Social media success involves more than having tons of followers and “likes.” Significant reach and impressions can be vital ingredients to your social media soup. However, the ultimate test of your efforts comes down to driving brand loyalty, lead generation and ultimately, customers. In this article, we’ll look at the most vital stats for measuring effective social media management.
You may have thousands of followers, but are they qualified fans of your business? Is your follower base full of active social users, or is it loaded with fake or delinquent accounts? Do your followers consistently engage with your content? Or have they become “ghost” followers that once liked your Fun-Friday meme, but never engage with your business-relevant posts?
Engagement comes down to measuring what percentage of your follower base interacts with your content. Phlanx.com has free online calculators you can use to test your engagement on various social platforms, including Facebook, Instagram, Twitter, and YouTube. Keep in mind that obtained virality via hashtags and shares can artificially inflate engagement rates. People may find and engage with your content, but don’t join as official followers. Also, engagement rates are often much higher for new or smaller accounts than for large, aged accounts. Check your engagement rate against that of a competitor with a comparable follower count and account history. It can give you a quick idea of whether you are meeting your own goals for building a quality audience of followers and serving them content of interest.
Are users staying put on your social media platforms and failing to visit your website? Google Analytics or your CRM will show which percentage of your total site visitors are coming from social media. To maximize your site’s social traffic, make sure you include links to your site in your bio. Share your blog posts on your social platforms. Refer questions from social users by linking to helpful pages on your website. In turn, ensure your website has prominent social sharing buttons to encourage users to share your content with their own followers. When posting to third party platforms, switch it up and think outside the “Big 5” social media websites by sharing content on forums such as Quora or Reddit. Syndicating your blog posts to sites like Medium can also be great for both referral traffic and boosting your SEO.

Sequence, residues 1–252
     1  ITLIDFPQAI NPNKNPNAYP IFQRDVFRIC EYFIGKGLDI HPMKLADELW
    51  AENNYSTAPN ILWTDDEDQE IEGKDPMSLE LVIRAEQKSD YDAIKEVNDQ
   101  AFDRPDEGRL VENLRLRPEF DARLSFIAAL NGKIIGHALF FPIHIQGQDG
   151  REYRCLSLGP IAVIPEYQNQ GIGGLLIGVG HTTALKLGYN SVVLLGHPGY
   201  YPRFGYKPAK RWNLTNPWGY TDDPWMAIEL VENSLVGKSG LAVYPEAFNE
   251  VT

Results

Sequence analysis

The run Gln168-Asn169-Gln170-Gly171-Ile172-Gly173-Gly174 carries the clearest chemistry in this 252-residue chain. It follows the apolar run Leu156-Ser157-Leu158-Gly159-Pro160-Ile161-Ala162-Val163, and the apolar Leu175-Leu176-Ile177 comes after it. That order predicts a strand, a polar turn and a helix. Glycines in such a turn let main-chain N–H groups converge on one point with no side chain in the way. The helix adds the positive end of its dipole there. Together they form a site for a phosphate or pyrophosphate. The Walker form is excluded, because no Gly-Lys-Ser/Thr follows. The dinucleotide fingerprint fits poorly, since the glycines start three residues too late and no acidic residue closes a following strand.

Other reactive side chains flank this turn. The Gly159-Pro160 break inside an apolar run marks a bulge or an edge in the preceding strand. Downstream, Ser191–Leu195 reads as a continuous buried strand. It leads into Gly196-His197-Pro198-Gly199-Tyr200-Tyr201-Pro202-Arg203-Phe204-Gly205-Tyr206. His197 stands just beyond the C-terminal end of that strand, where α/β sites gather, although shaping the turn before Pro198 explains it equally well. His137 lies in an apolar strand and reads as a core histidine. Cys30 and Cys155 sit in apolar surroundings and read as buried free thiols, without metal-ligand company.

A high percentage of your followers are engaging with your content. A growing number are following your links to your website. Congrats! Now—how much of that site traffic is converting into leads?
Unlike organic, paid, or referral sources, social media has a bad rep for bringing in traffic with a high bounce rate. Part of this is the nature of social itself. Users are largely there to read, be entertained, and socialize. Not often are they in buying mode.
How do you convert more of this traffic into leads? If you’re a B2B company, you may want to use social to share links to some form of gated content on your website, such as a webinar, white paper or case study. For a B2C company, consider offering instead a contest or a coupon that requires a signup form. Lastly, try some of the native lead-gen ads that social networks offer. Such ads typically pre-populate a sign-up form with the user’s name and email and require only a click on the call-to-action for the social user to add themselves to your newsletter or drip campaign. From there, you can nurture these social users out of lurk mode and qualify them as legitimate prospects.
Social leads tend to be at an earlier stage of the buying process. So, you need to adjust your email campaigns to nurture them differently than you would warm or hot leads. One way to do this is to serve them decision-making content that directly addresses questions or objections they have at this early stage of the buying process. Self-quizzes are a great way of getting the prospect to realize that they may be less satisfied with a current competing product or service than believed. This content can also help them understand that switching products or services doesn’t necessarily require a large budget or long-term commitment. Once this user starts to see how easy it is to make the switch, they can be moved deeper into the nurturing campaign where your product or service features and benefits are explored in more detail.
Social media can be a huge waste of time and money if you’re not paying attention to the right key performance indicators. By focusing on what’s generating traffic, conversions and sales on your site, you can quickly get a sense of which social platforms, followers and content have the ability to make a difference on your bottom line.